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Diabetic Supply Guide Home | Insulin | Insulin Delivery | Glucose Monitoring | Emergency | Routine Care | Food & Nutrition

      Food & Nutrition
  Diabetic Snack Bars

Diabetic Snack Bars

The past few years has seen the growth of a new category of foods - diabetic snack bars. Some are formulated to prevent hypoglycemia while others are designed to reduce hyperglycemia.

They are intended to be used as a snack or partial meal replacement, to be eaten in the context of the individual's meal plan. The bars designed to prevent hypoglycemia include uncooked cornstarch (UCS), a slowly absorbed complex carbohydrate that acts as a continuous source of glucose. Those that aim to reduce hyperglycemia use ingredients such as resistant starches and fiber, which help to blunt the postprandial (after a meal) glycemic response.

In a recent scientific review of these products, diabetes specialists made these recommendations:

  • People on intensive insulin therapy treatment plans who are in very good control may benefit most from using the snack bars containing UCS because they are more susceptible to episodes of hypoglycemia.
  • These products should NOT be used to treat hypoglycemia; they are not formulated to act quickly.
  • Snack bars with UCS are good as part of a bedtime snack to prevent hypoglycemia at night.
  • Snack bars without UCS are meant to help prevent hyperglycemia during the day.
  • Snack bars meant for daytime use may not be suitable as nighttime snacks.
  • The various types of snack bars are not interchangeable, even though their carbohydrate content may be similar.
  • Snack bars containing UCS may help to avoid low blood glucose after drinking alcohol.
  • People who suffer from hypoglycemic unawareness may benefit from snack bars with UCS to help prevent hypoglycemia.
  • Both types are preferable to regular snack bars, including health bars, energy bars, or candy bars, which may cause exaggerated glycemic responses.

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Bars Formulated To Prevent Hypoglycemia

Product
(Manufacturer)
 

Suggested Use

Claims

Extend Bar
(Clinical Products, Ltd.)
Use before bed, before exercise, or whenever low blood glucose is likely to occur. Reduces episodes of low blood glucose for up to 9 hours without causing high blood glucose.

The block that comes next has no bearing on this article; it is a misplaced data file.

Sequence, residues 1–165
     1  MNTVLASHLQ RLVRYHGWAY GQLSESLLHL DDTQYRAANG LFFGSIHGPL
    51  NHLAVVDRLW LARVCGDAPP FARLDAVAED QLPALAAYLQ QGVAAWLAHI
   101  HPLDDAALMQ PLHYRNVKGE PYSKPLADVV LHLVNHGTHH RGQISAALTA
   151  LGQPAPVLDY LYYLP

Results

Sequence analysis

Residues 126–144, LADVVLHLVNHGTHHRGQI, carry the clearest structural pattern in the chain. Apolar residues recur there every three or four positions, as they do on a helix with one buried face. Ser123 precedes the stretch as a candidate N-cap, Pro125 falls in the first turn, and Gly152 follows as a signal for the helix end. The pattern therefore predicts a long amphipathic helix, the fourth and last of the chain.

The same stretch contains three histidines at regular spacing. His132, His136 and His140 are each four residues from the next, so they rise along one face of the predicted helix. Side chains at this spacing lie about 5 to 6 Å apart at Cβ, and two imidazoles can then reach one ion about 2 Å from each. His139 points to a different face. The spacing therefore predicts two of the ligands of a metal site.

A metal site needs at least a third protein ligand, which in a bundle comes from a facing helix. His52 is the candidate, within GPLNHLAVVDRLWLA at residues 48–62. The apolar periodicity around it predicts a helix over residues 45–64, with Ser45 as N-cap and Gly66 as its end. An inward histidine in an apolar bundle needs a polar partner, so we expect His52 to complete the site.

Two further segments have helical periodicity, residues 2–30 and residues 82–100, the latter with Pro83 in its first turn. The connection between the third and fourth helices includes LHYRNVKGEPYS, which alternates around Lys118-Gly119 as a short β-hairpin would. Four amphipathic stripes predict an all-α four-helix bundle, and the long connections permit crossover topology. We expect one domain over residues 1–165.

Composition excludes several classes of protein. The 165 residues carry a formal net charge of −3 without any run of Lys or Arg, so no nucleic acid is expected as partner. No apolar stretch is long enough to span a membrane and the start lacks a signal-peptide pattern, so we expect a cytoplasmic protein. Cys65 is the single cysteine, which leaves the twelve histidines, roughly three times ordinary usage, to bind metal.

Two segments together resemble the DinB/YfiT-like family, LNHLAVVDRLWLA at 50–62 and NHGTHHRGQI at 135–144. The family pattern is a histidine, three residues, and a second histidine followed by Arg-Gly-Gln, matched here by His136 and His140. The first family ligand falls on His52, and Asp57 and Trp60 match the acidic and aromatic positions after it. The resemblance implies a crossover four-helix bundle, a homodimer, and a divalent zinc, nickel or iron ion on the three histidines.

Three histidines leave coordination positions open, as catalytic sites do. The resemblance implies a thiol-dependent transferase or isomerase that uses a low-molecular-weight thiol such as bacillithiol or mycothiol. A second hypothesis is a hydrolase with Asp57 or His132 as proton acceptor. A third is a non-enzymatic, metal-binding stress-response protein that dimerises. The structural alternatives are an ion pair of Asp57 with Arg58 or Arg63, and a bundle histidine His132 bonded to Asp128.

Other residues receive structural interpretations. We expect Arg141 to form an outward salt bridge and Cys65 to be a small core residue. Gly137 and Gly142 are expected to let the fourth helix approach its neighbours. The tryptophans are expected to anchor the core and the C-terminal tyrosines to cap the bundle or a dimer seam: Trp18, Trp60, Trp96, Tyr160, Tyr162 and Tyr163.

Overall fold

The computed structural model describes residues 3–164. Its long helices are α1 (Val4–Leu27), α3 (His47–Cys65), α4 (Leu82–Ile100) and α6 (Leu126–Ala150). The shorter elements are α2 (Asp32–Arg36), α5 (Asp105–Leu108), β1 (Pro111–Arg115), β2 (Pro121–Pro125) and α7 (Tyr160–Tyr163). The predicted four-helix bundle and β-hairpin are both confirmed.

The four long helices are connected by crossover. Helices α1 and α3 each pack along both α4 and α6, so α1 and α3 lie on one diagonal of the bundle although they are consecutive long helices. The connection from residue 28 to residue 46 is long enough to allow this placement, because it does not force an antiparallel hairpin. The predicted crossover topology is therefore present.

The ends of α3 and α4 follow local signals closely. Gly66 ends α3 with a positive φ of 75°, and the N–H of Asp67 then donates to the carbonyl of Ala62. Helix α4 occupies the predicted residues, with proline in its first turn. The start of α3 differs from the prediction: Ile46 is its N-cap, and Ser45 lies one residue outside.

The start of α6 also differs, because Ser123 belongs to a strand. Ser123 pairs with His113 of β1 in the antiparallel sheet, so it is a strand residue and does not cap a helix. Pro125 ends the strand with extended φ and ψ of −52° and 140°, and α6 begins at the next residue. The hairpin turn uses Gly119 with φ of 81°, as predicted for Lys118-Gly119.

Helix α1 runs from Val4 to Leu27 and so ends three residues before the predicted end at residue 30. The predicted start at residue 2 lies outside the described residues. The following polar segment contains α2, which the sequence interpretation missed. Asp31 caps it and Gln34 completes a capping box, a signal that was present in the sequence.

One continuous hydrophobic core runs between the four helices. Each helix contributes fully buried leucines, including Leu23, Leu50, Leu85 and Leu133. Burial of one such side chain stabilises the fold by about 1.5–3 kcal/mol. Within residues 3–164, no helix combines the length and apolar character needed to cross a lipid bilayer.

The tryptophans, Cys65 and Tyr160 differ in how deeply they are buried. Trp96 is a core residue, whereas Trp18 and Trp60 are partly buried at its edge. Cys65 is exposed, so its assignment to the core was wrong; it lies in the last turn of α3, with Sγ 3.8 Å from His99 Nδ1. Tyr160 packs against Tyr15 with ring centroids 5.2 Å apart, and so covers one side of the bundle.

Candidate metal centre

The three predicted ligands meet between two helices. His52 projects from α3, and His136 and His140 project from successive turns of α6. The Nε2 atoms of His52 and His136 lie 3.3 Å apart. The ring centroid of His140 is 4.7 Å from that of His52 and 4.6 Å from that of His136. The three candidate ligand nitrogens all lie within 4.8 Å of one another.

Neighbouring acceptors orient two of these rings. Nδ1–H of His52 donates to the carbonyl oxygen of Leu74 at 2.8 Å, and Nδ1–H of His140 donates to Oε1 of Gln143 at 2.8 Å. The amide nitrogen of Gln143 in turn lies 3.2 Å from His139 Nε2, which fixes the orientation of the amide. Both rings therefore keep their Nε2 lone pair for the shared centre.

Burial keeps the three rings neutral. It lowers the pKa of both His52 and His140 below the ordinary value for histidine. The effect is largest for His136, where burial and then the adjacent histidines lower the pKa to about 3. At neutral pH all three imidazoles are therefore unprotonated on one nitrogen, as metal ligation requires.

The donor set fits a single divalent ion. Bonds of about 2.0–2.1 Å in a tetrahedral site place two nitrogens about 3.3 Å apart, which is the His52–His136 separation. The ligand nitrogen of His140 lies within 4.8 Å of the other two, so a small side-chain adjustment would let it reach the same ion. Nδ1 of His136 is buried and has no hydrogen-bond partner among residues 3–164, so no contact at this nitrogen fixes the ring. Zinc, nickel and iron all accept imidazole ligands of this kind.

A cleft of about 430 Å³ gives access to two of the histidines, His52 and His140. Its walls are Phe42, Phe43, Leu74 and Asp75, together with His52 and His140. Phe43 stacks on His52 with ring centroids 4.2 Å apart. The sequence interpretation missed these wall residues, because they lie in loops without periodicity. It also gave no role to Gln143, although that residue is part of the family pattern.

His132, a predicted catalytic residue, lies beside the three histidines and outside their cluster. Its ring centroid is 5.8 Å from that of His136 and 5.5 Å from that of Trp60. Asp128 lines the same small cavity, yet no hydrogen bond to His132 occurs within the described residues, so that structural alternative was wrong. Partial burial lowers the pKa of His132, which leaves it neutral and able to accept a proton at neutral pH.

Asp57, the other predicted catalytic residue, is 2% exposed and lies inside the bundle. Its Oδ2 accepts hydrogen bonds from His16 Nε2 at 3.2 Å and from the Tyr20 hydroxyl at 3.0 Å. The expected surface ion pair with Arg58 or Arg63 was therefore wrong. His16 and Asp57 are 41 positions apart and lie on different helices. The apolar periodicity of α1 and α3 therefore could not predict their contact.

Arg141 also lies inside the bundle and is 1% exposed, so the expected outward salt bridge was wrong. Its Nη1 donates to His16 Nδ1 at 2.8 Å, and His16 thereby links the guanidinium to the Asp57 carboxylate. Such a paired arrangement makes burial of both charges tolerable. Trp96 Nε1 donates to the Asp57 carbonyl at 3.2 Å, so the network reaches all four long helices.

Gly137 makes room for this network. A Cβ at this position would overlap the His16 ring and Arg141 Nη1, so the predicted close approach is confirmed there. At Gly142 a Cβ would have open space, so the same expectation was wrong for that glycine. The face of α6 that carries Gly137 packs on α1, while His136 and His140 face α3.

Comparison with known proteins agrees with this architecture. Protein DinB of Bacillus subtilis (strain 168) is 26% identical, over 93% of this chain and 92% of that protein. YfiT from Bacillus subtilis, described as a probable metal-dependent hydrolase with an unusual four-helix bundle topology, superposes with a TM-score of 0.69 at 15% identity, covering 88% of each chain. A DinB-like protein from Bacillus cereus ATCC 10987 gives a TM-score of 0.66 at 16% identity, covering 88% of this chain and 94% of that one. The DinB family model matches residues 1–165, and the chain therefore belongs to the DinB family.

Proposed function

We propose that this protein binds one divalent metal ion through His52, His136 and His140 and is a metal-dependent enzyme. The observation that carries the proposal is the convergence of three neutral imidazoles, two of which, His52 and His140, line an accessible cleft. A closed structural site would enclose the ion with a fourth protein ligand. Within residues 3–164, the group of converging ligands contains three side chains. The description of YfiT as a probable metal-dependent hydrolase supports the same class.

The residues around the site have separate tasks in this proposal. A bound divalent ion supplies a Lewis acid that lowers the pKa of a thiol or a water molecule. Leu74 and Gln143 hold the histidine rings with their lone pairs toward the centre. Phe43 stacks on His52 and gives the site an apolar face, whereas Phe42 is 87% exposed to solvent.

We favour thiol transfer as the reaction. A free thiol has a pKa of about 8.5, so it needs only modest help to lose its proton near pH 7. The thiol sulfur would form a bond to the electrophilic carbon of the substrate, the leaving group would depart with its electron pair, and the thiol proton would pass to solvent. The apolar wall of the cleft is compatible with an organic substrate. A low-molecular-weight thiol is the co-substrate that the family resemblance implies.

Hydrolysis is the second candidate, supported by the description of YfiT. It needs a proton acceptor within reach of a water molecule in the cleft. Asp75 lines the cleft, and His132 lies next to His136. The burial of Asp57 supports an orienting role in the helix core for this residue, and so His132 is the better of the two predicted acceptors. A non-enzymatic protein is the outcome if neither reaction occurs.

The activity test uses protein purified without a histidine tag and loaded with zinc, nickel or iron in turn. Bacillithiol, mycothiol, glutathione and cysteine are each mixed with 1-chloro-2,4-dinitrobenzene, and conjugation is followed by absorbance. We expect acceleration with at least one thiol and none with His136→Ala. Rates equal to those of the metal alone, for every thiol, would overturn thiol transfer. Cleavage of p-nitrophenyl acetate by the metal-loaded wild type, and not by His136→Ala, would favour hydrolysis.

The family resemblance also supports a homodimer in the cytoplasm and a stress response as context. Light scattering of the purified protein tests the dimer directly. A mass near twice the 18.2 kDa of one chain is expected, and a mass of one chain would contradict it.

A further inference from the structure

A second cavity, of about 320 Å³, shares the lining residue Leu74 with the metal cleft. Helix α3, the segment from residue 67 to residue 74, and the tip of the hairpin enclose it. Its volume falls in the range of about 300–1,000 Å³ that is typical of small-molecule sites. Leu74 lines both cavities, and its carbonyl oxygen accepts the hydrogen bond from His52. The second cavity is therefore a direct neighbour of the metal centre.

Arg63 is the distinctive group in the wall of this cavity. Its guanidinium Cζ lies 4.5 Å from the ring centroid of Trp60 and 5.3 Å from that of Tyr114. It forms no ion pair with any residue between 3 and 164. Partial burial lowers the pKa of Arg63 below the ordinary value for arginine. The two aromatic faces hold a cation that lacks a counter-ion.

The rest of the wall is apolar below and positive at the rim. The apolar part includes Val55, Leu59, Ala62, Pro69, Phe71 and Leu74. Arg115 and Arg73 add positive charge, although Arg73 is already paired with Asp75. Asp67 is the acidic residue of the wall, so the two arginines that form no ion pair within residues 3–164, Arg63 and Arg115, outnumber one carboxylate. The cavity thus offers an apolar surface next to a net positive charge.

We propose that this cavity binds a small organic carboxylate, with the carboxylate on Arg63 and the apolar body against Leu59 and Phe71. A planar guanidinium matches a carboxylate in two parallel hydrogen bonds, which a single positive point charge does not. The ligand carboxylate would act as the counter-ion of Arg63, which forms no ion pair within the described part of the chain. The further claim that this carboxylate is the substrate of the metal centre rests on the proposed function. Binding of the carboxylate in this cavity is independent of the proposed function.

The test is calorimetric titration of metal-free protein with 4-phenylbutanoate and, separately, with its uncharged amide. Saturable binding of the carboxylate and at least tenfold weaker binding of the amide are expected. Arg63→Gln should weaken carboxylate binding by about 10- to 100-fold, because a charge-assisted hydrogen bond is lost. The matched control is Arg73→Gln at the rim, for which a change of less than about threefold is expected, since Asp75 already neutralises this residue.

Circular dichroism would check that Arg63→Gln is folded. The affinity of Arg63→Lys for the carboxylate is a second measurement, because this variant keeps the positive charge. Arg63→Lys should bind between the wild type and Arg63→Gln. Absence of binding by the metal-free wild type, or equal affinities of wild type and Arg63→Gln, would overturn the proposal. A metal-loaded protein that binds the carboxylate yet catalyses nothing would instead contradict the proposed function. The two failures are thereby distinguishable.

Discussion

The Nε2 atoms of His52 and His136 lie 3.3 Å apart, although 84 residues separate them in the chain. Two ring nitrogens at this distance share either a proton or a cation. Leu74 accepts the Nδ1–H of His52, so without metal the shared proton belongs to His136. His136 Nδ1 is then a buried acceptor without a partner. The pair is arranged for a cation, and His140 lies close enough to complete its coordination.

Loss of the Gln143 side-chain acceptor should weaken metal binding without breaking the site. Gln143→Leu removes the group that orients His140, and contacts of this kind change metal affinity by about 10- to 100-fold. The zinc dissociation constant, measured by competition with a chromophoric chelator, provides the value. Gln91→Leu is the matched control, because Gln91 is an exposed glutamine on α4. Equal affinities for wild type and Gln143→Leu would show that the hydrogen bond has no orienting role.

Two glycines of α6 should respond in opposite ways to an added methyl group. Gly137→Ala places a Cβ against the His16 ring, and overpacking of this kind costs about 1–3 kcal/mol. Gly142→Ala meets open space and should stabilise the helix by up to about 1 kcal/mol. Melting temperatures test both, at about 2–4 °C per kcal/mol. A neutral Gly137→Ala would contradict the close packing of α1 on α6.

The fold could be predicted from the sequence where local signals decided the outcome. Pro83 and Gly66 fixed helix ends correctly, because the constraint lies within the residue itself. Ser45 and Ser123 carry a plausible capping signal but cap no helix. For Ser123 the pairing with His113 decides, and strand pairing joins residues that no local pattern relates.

Gluc-O-Bar
(APIC, USA, Inc.)

Use day or night as part of
the dietary management of abnormal blood glucose levels.

Provides sustained glucose release over a prolonged interval without sudden peaks.
Nite Bite
(ICN Pharmaceuticals, Inc) 
Use before bed or exercise, to help maintain blood glucose levels. Helps prevent nighttime hypoglycemia; proven to be beneficial before exercise.

The snack bars that aim to reduce hyperglycemia use ingredients such as resistant starches and fiber, which are incompletely absorbed and help to blunt the postprandial glycemic response.

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Bars Formulated To Reduce Hyperglycemia

Product
(Manufacturer)
 

Suggested Use

Claims

Choice DM
(Mead Johnson Nutritionals)
Ideal as a snack between meals, after exercise, before bedtime, or anytime. Clinically shown to cause less rise in blood glucose levels compared to snack bars tested.
Choice DM Crispy Bars
(Mead Johnson Nutritionals)

"Pick-me-up" snack for people with diabetes.

Minimize postprandial peaks in blood glucose levels.
Ensure Glucerna(Ross Products Division) Use as a snack or occasional meal replacement. Clinically shown to lower blood glucose response, compared to ordinary snack bar.

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If you are considering using these products, you should carefully examine the product labels and evaluate your own glycemic response to each. Be sure to make them a part of your individualized meal plan.

Related information Hypoglycemia

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